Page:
Data Science

Data Science on AWS: Benefits and Common Pitfalls

Nick Elprin2017-04-19 | 4 min read

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More than two years ago, we wrote about the misguided fear of the cloud among many enterprise companies. How quickly things change! Today, every enterprise we work with is either using the cloud or in the process of moving there. We work with companies that insisted, just two years ago, that they “can’t use the cloud” — and are now undertaking strategic initiatives to have “real work in AWS by the end of 2017.” We see this happening across industries including finance, insurance, pharmaceuticals, retail, and even government.

AWS is especially compelling for data science workloads, which benefit from bursts of elastic compute for computationally intensive experiments, and often from specialized hardware such as GPUs. For example, hedge funds and banks firms can backtest investment strategies faster by spreading work out across machines. Pharmaceutical research teams can run faster Monte Carlo simulations to speed up drug design. And insurance companies experimenting with driver telemetry models or image recognition can more easily benefit from deep learning techniques.

In order to realize the full potential of the cloud for data science, organizations must address a series of peripheral use cases beyond simply providing access to infrastructure. Because we built Domino with first-class AWS integration from day one, it provides an integrated, complete solution for data science workflows in the cloud. Below we cover a few common questions and pitfalls we’ve encountered over the last two years of watching data science teams move to the cloud.

DevOps Automation

You don’t want your data scientists spending time on DevOps tasks like creating AMIs, defining Security Groups, and creating EC2 instances. Data science workloads benefit from large machines for exploratory analysis in tools like Jupyter or RStudio, as well as elastic scalability to support bursty demand from teams, or parallel execution of data science experiments, which are often computationally intensive.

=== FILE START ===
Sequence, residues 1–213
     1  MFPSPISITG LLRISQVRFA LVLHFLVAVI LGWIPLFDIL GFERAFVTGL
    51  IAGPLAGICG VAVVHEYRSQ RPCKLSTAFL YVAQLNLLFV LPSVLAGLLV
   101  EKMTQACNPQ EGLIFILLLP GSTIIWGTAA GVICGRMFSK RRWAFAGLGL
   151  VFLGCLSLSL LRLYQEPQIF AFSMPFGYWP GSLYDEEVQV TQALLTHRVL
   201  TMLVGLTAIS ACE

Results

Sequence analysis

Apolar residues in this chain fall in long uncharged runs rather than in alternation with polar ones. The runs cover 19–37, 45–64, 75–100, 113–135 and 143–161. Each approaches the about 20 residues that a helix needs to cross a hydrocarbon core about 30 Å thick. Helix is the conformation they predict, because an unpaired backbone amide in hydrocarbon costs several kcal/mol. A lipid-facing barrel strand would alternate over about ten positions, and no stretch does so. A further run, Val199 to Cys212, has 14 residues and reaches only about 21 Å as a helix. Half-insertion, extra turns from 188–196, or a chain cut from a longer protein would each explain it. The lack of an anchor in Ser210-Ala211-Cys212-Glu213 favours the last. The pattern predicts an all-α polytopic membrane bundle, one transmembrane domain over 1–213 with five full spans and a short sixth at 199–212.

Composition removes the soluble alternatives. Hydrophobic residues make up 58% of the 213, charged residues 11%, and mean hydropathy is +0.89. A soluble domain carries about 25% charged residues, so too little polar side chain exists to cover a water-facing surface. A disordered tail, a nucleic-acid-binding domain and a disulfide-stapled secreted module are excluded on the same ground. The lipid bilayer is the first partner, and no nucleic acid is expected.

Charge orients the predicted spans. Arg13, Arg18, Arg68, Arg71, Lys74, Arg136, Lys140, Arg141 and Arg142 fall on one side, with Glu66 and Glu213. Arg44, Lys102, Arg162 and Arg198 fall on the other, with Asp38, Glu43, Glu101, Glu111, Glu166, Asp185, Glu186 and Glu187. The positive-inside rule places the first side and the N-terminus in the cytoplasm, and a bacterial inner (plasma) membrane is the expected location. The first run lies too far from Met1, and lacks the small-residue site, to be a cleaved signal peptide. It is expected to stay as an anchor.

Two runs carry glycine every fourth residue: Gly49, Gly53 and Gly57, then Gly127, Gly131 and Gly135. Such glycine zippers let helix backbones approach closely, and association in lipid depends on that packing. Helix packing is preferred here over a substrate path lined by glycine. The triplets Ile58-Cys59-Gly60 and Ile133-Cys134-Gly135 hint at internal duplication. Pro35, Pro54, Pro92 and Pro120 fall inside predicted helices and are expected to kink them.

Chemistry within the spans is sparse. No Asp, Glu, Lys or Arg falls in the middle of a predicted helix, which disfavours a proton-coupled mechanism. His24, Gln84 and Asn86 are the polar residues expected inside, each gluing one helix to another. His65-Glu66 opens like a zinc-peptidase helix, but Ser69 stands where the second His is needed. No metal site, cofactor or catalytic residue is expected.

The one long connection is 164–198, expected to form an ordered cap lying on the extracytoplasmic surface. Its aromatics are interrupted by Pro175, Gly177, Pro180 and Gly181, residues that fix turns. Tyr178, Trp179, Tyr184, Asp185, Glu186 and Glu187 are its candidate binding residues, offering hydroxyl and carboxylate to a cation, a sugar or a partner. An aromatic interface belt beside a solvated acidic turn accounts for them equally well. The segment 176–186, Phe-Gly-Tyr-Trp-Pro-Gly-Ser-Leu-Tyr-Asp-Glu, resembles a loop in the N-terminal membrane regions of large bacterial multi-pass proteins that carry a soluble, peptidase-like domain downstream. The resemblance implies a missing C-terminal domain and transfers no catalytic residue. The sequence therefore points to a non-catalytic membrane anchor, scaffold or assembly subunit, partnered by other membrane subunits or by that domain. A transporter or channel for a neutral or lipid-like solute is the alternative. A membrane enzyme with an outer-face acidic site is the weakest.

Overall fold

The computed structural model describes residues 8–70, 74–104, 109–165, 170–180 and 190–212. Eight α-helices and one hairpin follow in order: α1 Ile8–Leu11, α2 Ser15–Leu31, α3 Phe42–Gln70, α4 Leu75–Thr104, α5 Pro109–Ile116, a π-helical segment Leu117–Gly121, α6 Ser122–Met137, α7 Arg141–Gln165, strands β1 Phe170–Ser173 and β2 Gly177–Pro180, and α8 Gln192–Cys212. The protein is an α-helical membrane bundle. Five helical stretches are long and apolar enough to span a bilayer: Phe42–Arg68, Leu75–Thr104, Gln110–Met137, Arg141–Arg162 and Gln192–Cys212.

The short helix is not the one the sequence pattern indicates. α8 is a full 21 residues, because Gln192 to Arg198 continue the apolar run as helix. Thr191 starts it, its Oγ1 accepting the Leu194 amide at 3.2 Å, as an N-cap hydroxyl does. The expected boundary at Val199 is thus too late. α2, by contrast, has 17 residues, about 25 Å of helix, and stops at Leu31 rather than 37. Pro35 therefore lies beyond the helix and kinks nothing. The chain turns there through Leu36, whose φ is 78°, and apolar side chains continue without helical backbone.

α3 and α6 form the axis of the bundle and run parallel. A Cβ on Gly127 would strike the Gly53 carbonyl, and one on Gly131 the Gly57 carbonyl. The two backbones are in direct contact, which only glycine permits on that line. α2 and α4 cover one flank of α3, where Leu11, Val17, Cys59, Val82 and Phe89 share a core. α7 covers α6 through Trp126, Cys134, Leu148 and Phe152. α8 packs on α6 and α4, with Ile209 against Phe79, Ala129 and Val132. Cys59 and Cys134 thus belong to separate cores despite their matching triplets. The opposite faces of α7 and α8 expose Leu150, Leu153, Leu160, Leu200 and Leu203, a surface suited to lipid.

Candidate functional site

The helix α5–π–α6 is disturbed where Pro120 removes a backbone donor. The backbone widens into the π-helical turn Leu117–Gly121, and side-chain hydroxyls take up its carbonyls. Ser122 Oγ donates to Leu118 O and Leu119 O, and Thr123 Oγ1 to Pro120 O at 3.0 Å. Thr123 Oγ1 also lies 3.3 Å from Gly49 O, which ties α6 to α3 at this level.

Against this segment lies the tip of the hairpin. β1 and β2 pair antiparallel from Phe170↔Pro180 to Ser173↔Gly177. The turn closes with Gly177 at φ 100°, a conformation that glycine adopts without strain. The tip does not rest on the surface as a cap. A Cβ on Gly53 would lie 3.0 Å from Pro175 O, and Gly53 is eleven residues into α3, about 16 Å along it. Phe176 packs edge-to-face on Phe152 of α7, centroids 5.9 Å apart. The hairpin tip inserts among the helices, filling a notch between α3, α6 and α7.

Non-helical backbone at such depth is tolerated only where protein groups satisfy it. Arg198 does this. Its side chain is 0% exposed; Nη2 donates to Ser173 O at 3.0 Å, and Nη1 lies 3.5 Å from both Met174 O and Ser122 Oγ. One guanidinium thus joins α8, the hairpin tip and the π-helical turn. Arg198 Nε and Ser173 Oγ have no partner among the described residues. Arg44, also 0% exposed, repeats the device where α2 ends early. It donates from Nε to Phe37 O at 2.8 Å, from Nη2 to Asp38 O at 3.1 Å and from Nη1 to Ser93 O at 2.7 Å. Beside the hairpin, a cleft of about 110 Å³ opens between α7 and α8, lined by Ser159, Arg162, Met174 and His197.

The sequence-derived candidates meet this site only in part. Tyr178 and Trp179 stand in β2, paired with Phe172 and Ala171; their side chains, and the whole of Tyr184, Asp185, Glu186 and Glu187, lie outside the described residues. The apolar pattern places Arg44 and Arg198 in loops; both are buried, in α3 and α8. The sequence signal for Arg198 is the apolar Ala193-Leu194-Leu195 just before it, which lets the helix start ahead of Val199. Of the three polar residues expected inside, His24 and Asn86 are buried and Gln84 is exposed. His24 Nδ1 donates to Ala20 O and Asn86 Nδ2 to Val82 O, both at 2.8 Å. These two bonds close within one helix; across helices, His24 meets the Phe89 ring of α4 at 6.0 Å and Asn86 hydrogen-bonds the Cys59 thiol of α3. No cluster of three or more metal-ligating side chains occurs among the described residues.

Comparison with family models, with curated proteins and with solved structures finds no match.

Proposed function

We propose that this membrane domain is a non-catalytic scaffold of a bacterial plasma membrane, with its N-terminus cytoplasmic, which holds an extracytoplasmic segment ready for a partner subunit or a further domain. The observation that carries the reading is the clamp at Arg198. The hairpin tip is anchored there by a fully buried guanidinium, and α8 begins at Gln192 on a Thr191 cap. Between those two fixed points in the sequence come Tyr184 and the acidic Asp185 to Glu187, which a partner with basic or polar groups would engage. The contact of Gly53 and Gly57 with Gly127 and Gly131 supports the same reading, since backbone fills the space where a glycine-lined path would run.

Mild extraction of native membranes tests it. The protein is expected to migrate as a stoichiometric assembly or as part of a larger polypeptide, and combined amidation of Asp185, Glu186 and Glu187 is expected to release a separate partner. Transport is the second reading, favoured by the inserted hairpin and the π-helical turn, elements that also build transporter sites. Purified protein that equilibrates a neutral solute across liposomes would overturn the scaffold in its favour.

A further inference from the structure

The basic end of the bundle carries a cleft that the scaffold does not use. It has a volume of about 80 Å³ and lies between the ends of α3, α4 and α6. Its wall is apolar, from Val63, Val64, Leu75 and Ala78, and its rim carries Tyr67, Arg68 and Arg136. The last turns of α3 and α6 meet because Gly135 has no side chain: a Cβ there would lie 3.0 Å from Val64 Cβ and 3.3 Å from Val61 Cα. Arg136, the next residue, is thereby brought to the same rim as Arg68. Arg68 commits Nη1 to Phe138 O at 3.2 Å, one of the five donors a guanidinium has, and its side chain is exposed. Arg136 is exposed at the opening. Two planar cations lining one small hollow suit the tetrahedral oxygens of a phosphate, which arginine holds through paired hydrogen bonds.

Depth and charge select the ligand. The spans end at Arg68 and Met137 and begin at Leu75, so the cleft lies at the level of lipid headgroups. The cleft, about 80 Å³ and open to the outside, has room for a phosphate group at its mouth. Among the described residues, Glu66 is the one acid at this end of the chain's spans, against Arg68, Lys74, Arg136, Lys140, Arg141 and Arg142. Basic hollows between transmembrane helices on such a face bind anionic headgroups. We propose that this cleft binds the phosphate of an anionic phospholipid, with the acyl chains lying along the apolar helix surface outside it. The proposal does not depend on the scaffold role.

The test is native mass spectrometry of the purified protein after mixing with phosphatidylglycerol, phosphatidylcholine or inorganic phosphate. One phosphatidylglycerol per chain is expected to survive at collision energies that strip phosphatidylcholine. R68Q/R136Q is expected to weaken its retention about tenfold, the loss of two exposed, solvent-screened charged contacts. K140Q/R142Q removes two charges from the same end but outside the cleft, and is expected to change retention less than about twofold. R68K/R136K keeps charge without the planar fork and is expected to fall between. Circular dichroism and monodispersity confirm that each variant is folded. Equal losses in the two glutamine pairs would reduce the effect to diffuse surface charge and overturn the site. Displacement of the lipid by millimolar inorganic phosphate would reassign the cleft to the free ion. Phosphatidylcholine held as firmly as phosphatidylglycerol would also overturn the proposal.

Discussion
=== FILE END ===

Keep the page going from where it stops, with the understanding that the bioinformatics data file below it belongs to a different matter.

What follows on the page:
Cost controls, resource monitoring and reporting

Data science workloads often benefit from high-end hardware, which can be expensive. When data scientists have more access to scalable compute, how do you mitigate risk of runaway costs, enforce limits, and attribute across multiple groups or teams?

Environment management

Data scientists need agility to experiment with new open source tools and packages, which are evolving faster than ever before. System administrators must ensure stability and safety of environments. How can you balance these two points in tension?


Neural networks and other effective data science techniques benefit from GPU acceleration, but configuring and utilizing GPUs remains easier said than done. How can you provide efficient access to GPUs for your data scientists without miring them in DevOps configuration tasks?


AWS offers world-class security in their environment — but you must still make choices about how you configure security for your applications running on AWS. These choices can make a significant difference in mitigating risk as your data scientists transfer logic (source code) and data sets that may represent your most valuable intellectual property.

Learn more

Domino runs natively in AWS and can be installed in your VPC, or used in our managed hosted environment. Companies including Monsanto, Mashable, Eventbrite, DBRS, and hedge funds, banks and insurance companies that we can’t name all use Domino in AWS as a force multiplier for their data scientists. Let us know if you’d like to learn how.

Nick Elprin is the CEO and co-founder of Domino Data Lab, provider of the open data science platform that powers model-driven enterprises such as Allstate, Bristol Myers Squibb, Dell and Lockheed Martin. Before starting Domino, Nick built tools for quantitative researchers at Bridgewater, one of the world's largest hedge funds. He has over a decade of experience working with data scientists at advanced enterprises. He holds a BA and MS in computer science from Harvard.

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